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COMM 431 - Exam Review.docx

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University of Waterloo
COMM 431
Zhiyong Liu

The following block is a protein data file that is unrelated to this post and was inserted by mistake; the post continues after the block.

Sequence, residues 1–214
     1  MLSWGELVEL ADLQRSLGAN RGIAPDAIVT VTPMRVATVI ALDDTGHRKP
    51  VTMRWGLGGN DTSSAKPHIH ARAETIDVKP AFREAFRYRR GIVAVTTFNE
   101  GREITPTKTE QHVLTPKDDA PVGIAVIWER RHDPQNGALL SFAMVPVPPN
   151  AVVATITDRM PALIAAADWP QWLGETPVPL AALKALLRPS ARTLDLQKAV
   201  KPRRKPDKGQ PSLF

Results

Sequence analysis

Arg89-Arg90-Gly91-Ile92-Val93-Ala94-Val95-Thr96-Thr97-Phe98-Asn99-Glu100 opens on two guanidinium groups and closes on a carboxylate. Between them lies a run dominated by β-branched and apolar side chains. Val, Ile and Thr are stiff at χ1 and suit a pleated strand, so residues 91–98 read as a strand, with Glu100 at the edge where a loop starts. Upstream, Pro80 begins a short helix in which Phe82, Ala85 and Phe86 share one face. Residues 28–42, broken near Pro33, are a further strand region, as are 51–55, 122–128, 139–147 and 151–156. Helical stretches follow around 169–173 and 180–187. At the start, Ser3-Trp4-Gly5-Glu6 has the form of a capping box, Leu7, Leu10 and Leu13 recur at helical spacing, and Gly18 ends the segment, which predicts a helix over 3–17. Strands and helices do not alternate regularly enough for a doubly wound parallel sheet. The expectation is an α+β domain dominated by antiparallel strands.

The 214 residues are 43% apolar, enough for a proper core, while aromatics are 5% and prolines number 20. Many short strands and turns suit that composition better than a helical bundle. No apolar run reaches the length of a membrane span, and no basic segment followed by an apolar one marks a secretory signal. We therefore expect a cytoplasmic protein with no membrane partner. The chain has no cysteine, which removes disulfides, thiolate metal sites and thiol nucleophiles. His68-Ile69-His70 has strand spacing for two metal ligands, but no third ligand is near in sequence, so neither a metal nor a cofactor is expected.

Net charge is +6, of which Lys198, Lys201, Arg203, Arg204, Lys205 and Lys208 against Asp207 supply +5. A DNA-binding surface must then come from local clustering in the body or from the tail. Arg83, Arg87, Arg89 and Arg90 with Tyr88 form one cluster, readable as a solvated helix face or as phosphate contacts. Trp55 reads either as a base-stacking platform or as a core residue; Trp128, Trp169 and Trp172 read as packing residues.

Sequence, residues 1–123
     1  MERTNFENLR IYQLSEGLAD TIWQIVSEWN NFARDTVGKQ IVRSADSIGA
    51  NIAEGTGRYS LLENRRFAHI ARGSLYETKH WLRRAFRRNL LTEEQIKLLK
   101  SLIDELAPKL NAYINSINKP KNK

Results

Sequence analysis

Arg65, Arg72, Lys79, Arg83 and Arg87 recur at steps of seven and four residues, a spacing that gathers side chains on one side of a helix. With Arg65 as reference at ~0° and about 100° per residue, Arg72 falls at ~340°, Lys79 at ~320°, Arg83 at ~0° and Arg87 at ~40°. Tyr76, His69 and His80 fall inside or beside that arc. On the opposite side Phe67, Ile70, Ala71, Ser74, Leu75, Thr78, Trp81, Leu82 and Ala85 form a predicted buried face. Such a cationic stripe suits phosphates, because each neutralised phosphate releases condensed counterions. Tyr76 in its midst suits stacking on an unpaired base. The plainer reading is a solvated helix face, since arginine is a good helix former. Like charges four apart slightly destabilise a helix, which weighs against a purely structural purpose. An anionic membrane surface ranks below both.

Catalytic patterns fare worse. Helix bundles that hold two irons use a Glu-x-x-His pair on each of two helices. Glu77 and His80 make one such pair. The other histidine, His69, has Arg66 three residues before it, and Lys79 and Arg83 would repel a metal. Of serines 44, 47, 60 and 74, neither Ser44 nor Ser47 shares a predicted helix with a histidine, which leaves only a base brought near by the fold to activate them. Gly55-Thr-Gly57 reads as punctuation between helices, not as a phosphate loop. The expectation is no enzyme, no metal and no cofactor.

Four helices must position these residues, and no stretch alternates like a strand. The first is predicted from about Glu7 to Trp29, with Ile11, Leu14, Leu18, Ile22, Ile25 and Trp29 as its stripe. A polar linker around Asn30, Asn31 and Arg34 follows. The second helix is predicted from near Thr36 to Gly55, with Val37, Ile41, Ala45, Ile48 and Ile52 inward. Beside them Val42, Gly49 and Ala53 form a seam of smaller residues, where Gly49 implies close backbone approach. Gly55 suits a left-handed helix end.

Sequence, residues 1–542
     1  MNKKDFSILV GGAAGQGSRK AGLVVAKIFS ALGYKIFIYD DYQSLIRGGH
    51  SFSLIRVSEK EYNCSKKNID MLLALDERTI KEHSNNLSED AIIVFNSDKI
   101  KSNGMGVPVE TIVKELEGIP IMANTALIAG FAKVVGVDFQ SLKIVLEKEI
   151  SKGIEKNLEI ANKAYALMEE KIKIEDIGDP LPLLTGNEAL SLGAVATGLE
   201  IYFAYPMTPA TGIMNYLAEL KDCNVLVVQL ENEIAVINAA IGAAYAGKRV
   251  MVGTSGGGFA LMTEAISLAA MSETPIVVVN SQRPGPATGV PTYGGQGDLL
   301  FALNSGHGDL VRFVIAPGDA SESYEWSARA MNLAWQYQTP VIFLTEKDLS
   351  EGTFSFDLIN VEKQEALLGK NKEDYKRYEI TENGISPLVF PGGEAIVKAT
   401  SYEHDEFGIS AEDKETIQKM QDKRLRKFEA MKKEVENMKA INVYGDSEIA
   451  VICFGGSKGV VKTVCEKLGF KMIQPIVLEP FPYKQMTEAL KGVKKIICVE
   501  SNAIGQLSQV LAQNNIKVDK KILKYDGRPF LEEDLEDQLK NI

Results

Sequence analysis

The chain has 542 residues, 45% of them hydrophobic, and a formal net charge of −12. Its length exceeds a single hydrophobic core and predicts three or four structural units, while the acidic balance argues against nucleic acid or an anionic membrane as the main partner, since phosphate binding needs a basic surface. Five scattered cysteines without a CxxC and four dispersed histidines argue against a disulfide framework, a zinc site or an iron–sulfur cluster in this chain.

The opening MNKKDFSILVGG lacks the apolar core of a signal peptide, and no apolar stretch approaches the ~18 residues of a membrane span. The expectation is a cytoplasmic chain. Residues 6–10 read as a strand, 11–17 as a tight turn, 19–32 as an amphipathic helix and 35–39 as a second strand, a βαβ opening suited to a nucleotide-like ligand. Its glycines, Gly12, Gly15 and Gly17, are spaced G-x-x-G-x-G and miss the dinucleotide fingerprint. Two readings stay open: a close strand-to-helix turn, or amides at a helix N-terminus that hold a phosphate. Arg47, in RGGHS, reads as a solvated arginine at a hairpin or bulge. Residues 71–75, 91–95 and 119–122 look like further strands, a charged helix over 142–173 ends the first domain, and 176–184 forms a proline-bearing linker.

COMM 431 – PROJECT MANAGEMENT EXAM REVIEW NOTES LECTURE 1 – INTRODUCTION - Project – temporary endeavor to accomplish a specific objective through a unique set of interrelated tasks and the effective utilization of resources. - Example: Planning a wedding, hosting a holiday party, designing and implementing a product. - Projects Vs. Ongoing Operations: o Projects – temporary, completed when the goals and objectives are accomplished. o Operations – On going, involve work that is continuous without and end date. o Both are performed by people, constrained by resources, planned, executed and controlled. - Attributes of a Project: o Well defined objective/need/deliverables  SMART – Specific, Measurable, Assignable, Realistic, Time Related o Involves people – customer/client, contractor/developer and user o Has a series of interdependent tasks o Uses various resources o Has a specific time frame o May be unique or one-time endeavor o Involves a degree of uncertainty - Constraints for Project Success: o Scope, Cost, Schedule, and Customer Satisfaction o Project is completed within budget, on time according to customer satisfaction. o Triple Constraint – Time, Cost, and Scope. o Quality – emphasizes results; objective; measurable. o Customer Satisfaction – emphasizes experience; subjective; non-measurable. - People in a Project: o Client/Customer – one who needs a service o Developer/Contractor – one who is paid to provide the service o User – one who will directly or indirectly use the service - Project Cycle: o Identify a need  Develop a proposed solution  Perform the project  Terminate the project. o Project is born when a need is identified. o The life cycles vary in length. o Not all projects formally go through all four phases of the project life cycle. o Each of the stages could be a project in itself. o Phase 1 – identify a need, problem or opportunity. The needs and requirements are usually written by the customer into a document called a request for proposal (RFP). o Phase 2 – development of a proposed solution to the need or problem. Submission of a proposal. Contract agreement. o Phase 3 – performing the project. Detailed plan, resources and results in the accomplishment of the project objective. o Phase 4 – terminating the project. Come to term about the success/failure of the project. Closeout activities. - What is Project Management? o A set of techniques to manage a project to achieve an objective. o 9 Knowledge Area in Project Management:  Quality Management  Communication Management  Scope Management  Cost Management  Human Resource Management  Procurement Management  Schedule Management/Time Management  Rick Management and Change Management o Plan the work and work the plan. Mainly done in the third phase. o Planning the work:  Define the project objective.  Divide and subdivide the project into WBS.  Define specific activities that need to be done.  Graphically portray them.  Make time estimate.  Make cost estimate.  Calculate project schedule and budget.  Make plan B just in case. o Work the plan:  Establish a baseline plan and monitor progress.  Measure actual progress and compare it to planned progress.  Take corrective action if the project is behind schedule, over budget, or not meeting technical specifications. LECTURE 2 – NEED ANALYSIS - Initial phase of the project lifecycle. Mainly done by the customer. - Start with recognizing a task, problem or opportunity. End with issuance of a request for proposal. - Methods Used to Identify a Need: o Business Analysis/Strategic Planning:  SWOT  Value Chain Benchmarking – compare it with someone eles’s  Porter’s Model – market analysis o System Analysis:  Benchmarking  Outcome Analysis – do a survey; what does the customer want?  Root Cause Analysis – what caused it – this is the fundamental cause  Duration Analysis – operational deficiency problem  Activity Elimination – what can be removed?  Technology Analysis – new technologies out there - Project Selection: o Evaluating various tasks, problems or opportunities, and then deciding which one to choose. o Steering committee, decide a selection model, evaluation criteria, weight to each criteria, list assumptions, gather data and information for each need, evaluate each need against the model. o Selection Models:  Numeric:  Factor scoring  Weighted factor scoring  Profitability  Payback Period/Break-even point  ROI (Return on Investment)  Discounted Cash Flow (NPV)  Non-Numeric:  Sacred Cow – president’s pet project  Operating/Competitive Necessity – must do it to stay in business  Comparative benefits – examine +/- of each potential project  Q-Sort Project Ordering Factor Scoring Non-Numeric Profitability Factor Several (well 1 on several (implied) 1 (money) defined) Subjective/Objective In the middle Subjective Objective Project Nature Homogeneous Homo/Heterogeneous Homogeneous Amount of Input Medium Low High Quantitative/Qualitative Both Qualitative Quantitative Margin of Error Medium High Low - Feasibility Analysis: o Technical Feasibility – practicality of a technical solution and the availability of technical resources and expertise.  Familiarity with application and technology. Ex. business domain, software, platform, applications etc.  Project size, structure, schedule o Economic Feasibility – process of identifying the financial benefits and costs associated with a development project. Cost-benefit analysis. Refers back to the profitability models. o Organizational Feasibility – how well the system ultimately will be accepted by its users and incorporated into the ongoing operations of the organization. How does it affect the power structure of organization? Stakeholder analysis. o Social Feasibility – how does the project impact the society as a whole? Cultural, political, environmental, ethnical, legal issues. - Request for Proposal: o State what is required from the customer’s point of view. o Guidelines for drafting a RFP:  Statement of work – multiple proposals  Customer requirements – outcomes, certain features  Quality  Deliverables – product, services, reports  Customer-supplied items  Approvals required by the customer  Type of contract  Payment terms  Required schedule of completion  Instructions for the format  Due dates  Evaluation criteria o Soliciting Proposals – can identify a group of contractors in advance; don’t provide info that is not provided to all contractors; bidders’ meetings; not use RFP at all. LECTURE 3 – PROJECT PROPOSALS - Pre-RFP: o Don’t wait until formal RFP solicitations are announced. o Help clients identify their needs. - Bid/No-Bid Decision: o Be realistic about probability of winning the contract. o Consider: competition, risk, mission, extension of capabilities, reputation, funds, and resources. - Proposal: o It is a selling document – not a technical report. Convince the customer that you are the best one to solve the problem. o Technical Section: technical feasibility. Understand the problem and propose a solution. Not too complicated. o Management Section: operationally capable. Description of work tasks, deliverables, project schedule, organization, related experience and equipment/facilities. o Cost Section: financially sound. Labor, materials, subcontractors, equipment, travel, documentation, overheads, escalation, contingency and profit/fee. Don’t overprice or underprice. - Submission/Follow-Up: o Submit proposals on time. Hand delivers if needed. Follow up in a professional manner. - Evaluation: o Prices – select 3 lowest-priced proposals. o Screen out over-budget proposals or if technical section doesn’t meet needs. o Scorecard o Best and Final Offer (BAFO) - Types of Contracts: o Contract – vehicle for establishing customer-contractor communications and arriving at a mutual understanding and clear expectations. o Must clearly spell out the deliverables. o Fixed Price:  Price remains fixed unless he customer and contractor agree to change.  Low risk for customer, high for contractor  Well-defined projects and little risk. o Cost Reimbursement:  Customer requires that the contractor regularly compare actual expenditures with proposed budget and reforecast cost-at-completion  High risk for customer, low for contractor  Risky projects LECTURE 4 – THE PROJECT - Plan the work and work the plan. - Project Control – taking corrective actions to keep the project on target toward meeting its performance goals (time, cost, deliverables). - Controlling the project: o Monitor and measure actual progress – what has been done and how much money has been spent so far. o Analyze and compare it to planned progress o If there is a deviation, take corrective action to get back on track. - Project Tracking Tools: o Useful for project control o Tracks routinely cost and schedule status o For each activity, estimate actual cost so far and percent complete o Earned Value Analysis is a common tracking tool that provides performance metrics - Earned Value Analysis: o Compares the current project status with the original (baseline) plan o Computes several performance metrics for individual activities and for the entire project o Focused on cost and schedule performance - Project Control Tools: o Reporting/Meeting:  Keep everyone updates about the current project status  Includes:  Data on actual performance  Info on any changes in scope, schedule, and budget  Frequency:  Daily, weekly, monthly, quarterly etc. shorter the reporting period, better the chances of identifying problems early and taking effective corrective actions.  Data should be collected in a timely manner and as close to the end of the reporting period as possible.  Report Format:  Progress since last report  Current status of project  Cumulative trends  Problems and Issues since last report  Corrective action planned o Project Audit:  Formal inquiry into any or all aspects of a project.  Revalidate business feasibility  Reassure top management  Confirm readiness  Investigate problems  Format:  Project status, in all dimensions  Future projects  Status of crucial tasks  Risk assessment  Info on relevant projects  Limitations of the audit o Resource Allocation:  Allocation more, less, or different physical resources can affect the progress of activities, and can affect their cost and/or the quality of outputs/deliverables as well. Same applies to employees and funds.  Set priority rules for which activity gets the constrained resource first. o Project Crashing:  Accelerating a project – shortening its duration, or speeding it up.  It almost always costs more  Sometimes it is done because earlier activities were delayed or because customer is willing to trade a higher cost for a short project time frame o Resource Loading:  For each resource during each time period, determine the total amount of resource time required by all activities combined.  Compare this total time with the capacity of the resource during each time period.  Identify resources that are over-utilized during any time period. o Resource leveling and scheduling:  Rescheduling some activities to eliminate resource overloading in certain time periods.  Delay activities that have extra slack time first – this will not delay the project. - Terminate the Project: o Termination rarely has an impact on technical success or failure. But it affects residual attitudes toward the project and success of subsequent projects. o The purpose of termination is to learn from the experience in order to improve performance on future projects. o Reasons for earlier project termination:  Low probability of technical/commercial success  Unresolvable technical problems  Low profitability/ROI/market potential  Damaging cost growth  Schedule delays  Change in competitive factors/market needs  Higher priority of competing projects o Project Extinction – all activity ceases. Either stopped naturally because the project is finished or unsuccessful. Or stopped by murder – projecticide. o Project Addition – project becomes part of the organization. Must transfer assests and add responsibilities. o Project Integration – project outcome(s) become(s) part of acquiring organization or a larger project. o Project Starvation – active w/o activity. o Termination Activities:  Should be identified in the baseline plan  Contractual closure  Financial closure  Personnel closure  Administrative closure  Celebrate - Post-Project Evaluation: o Individual meeting o Group meeting o Customer feedback - The Final Report: o Recap, Project biography, Project plan, Audits, Change orders o Focus on performance, organizational structure, project teams, techniques and management. o Lessons learned. o Goal: Future improvement LECTURE 5 – PLANNING - Planning elements – project scope and baseline plan - Project scope provides the guidelines that are used to develop your project plan. It includes objective, deliverables, milestones, technical requirements, limits and reviews - Baseline Plan: o Work Breakdown Structure (WBS):  Deliverable-oriented hierarchal outline (map) that identifies the products and work elements involved in a project.  Major tasks  smaller tasks  Work Packages: lowest level of the WBS. Higher levels are work items. Defines what work needs to be done, within a timeline, which resources are required and who is in-charge of the task.  The level of detail is the level at which a single individual or organization can be assigned responsibility and accountability for accomplishing the work package and the level at which you can control the budget and monitor and collect cost data during the project. o Responsibility Matrix:  Linear responsibility chart or responsibility chart  Displays in tabular format the individuals responsible for the work items and work packages.  X – indicate who is responsible  P – indicate who has primary responsibility  S – indicate who has secondary responsibility  How to assign responsibility – expertise, availability, and distribution of work hours o Defining Activities:  Define specific detailed activities for each work package.  Activity is a piece of work that consumed time.  Milestone activities – significant events/activities on a project that normally have 0 duration. Used to measure progress, payment, approvals. Ex. start, complete. o Network Plan:  Graphically portraying the defined activities in a diagram. Displays logical relationships among, or sequencing of, project activities.  PERT – program evaluation and review technique.  CPM – critical path method o Gantt Charts:  Provide standard format for displaying project schedule information by listing project activities and their corresponding start and finish dates in a calendar format.  Planning + scheduling  Activities on the left; time scale on the bottom; estimated duration displayed by a line; columns indicate person responsibly for each task.  Issues – can’t display interrelationships of activities.  Symbols – black diamond – milestones; thick black bars – summary tasks; lighter bars – tasks; arrows – dependencies between tasks o Network Formats:  Activity in the Box  A box represents each activity.  Activity description is written in the box.  Each box has a unique activity number.  Activities might have a precedential relationship.  Activity on the arrow  An arrow represents each activity.  Activity description is written above the arrow.  Tail is the start; arrow is the completion.  Circles called events link activities.  All activities going into an event (circle) must be finished before any activities leaving that event can start.  Each event must have a unique event number  Each activity must have a unique combination of predecessor and successor event numbers  Dummy Activities – consumes 0 time. Represented by dashed arrow. Helping in unique identification of activities. Showing certain precedential relationships.  Loops are not allowed because it portrays a path of activities that perpetually repeats itself.  Slide 15 in Lecture 5B shows a comparison bet AIB and AOA  Laddering:  Used for projects that have a set of activities that are repeated several times.  Allow project to be completed in the shortest possible time while making the best use of available resources  Similar to assembly line  Precedence Relationships:  Finish to Start (FS) – activity 1 finishes then 2 can start.  Start to Start (SS) – activities can begin at the same time.  Finish to Finish (FF) – activities must finish at the same time.  Start to Finish (SF) – once activity 2 finishes, activity 1 can start  Lead and Lag times: o Lead (-) and lag (+) times are expressed as part of the immediate predecessor notation. o So 1FS+3 listed for the immediate predecessor of activity 2 means that activity 1 is the predecessor with a finish to start link and a 3 day lag time after activity 1 finishes before activity 2 can start. o 1FS-3 means that activity 2 can start 3 days before activity 1 finishes. LECTURE 6 - COMMUNICATION - Greatest threats to many projects is a failure to communicate - Communications planning: determining the information and communications needs of stakeholders. o What do they need to know? - Performance reporting: collecting and disseminating performance information. Keeps stakeholders informed about how resources are being used to achieve project objectives. o Status reports – where does the project stand? o Progress reports – what has the team accomplished? o Project forecasting – future project status and progress - Information distribution: making needed information available in a timely manner. o Getting the right info to the right people at the right time. - Administrative closure: generating, gathering, and disseminating information to formalize phase or project completion. - Conflict Handling Modes: o Confrontation/Problem-Solving: directly face the conflict o Compromising: use a give-take approach o Smoothing: de-emphasize areas of differences and emphasize areas of agreement. o Forcing: the win-lose approach o Withdrawal: retreat or withdraw from an actual or potential disagreement o Conflict can be good sometimes if it produces important results such as ideas, better alternatives etc. Task related conflict often improves team performance but emotional conflict often depressed team performance - Running Effective Meetings: o Is a meeting really needed? Can it be avoided? o What is the purpose and intended outcome of the meeting? o Who should attend the meeting? o Agenda for participants before they attend the meeting.  Objective, attendance locations  Problems (info), background (info), cause (discussion), solutions (discussions), vote (on the best solution – action item). - E-mail: o Is it the appropriate medium for what you want to communicate? o Send it to the right people, use meaningful subjects, limit the content, number and size of attachment, and be clear and concise. - Use templates for project communications: o Project description – objective, scope, assumptions, cost, schedule o Monthly progress report – accomplishments, next plans, issues, changes o Letter of agreement – description, goals/expectations (organization and student), meeting info, contact info, communications plan, signatures o Final project report cover page, table of contents, need for project, description, letter of agreement, outcome, management tools, recommendations, Gantt chart, attachments with deliverables. o Final project documentations – description, proposal, contract info with acceptance documents, project plans and schedules, design documents, project report, deliverables, audits, lessons learned, appendices. - Communication Infrastructure: o Set of tools, techniques, and principles that provide a foundation for the effective transfer of information. o Tools – e-mail, PM software, documentations etc. o Techniques – guidelines, templates, procedures, processes, problem solving, conflict resolution and negotiation techniques. o Principles – open dialog and an agreed upon work ethic LECTURE 7 – RISK MANAGEMENT - Expect the unexpected. Unforeseen circumstances may jeopardize achievement of the project objective. - Project manager is to prevent, anticipate, and/or overcome such circumstances - Risk Management: o Reducing probability of an occurrence  What can be done to reduce the likelihood of something bad happening? o Reducing the severity of the consequences  If something bad does happen, how do we limit our liability? - Managing Risk: o Risk – possibility that an unwanted circumstance will occur that can result in some loss. o 4 components:  Risk Identification  Risk Assessment  Risk Response Development – contingency plan  Risk Control and Monitoring - Risk Identification: o Which risks may adversely affect the project objective and what the consequences of each risk might be if they occur. o Delphi Technique o Brainstorming o Interviewing o SWOT analysis o Historical Information form past projects - Risk breakdown structure – project  technical, external, organizational and project management. - Risk Assessment: o Assessing each risk involves determining likelihood that the risk event will occur and the degree of impact the event will have on the project objective. o Risk assessment matrix:  List the risks – what are the risks associated?  Identify the consequences – what happens with these risks?  Chance – the chance of them occurring.  Impact – how high of an impact will it have?  Action trigger – what can be done prior to?  Responsibility – whose responsibility is it?  Response plan – how can this problem be tackled? o Risk profiling – identifies acceptable and unacceptable risks based on the probability of them occurring and how low-high of an impact it will have. o Impact scale – a scale of 1-5 how much of an impact will it have on project objectives such as cost, time, scope and quality. o Simulation – uses representation or model of a system to analyze the expected behavior or performance of the system. Ex. Monte Carlo simulation – computerized mathematical technique that allows people to account for risk in quantitative analysis and decision-making. Need 3 estimates for that (most likely, pessimistic and optimistic) and an estimate of the likelihood of the estimate being between optimistic and most likely values.  Crystal Ball and Project Analysis – allows you to specify any type of probability distribution for each task. Specify all precedence relationships. It then shoots random numbers into your probability distributions to simulate thousands of completions of the project. Result is probability distribution of the total duration of the project, from which you can answer the what-if questions about how long the project might actually take. - Risk Response Planning: o Developing contingency plan to reduce the impact of likelihood of each risk. o Establish a trigger point for when to implement the plans to address each risk. o Assign responsibility o 4 strategies:  Risk Avoidance – eliminate a specific threat or risk, eliminate cause  Risk Acceptance – accept the consequences should a risk occur  Risk Transference – shifting the consequences of a risk and responsibility for its management to a third party  Risk Mitigation – reducing the impact of a risk event or reducing the probability of its occurrence - Risk Monitoring: o Regular review of the risk management matrix t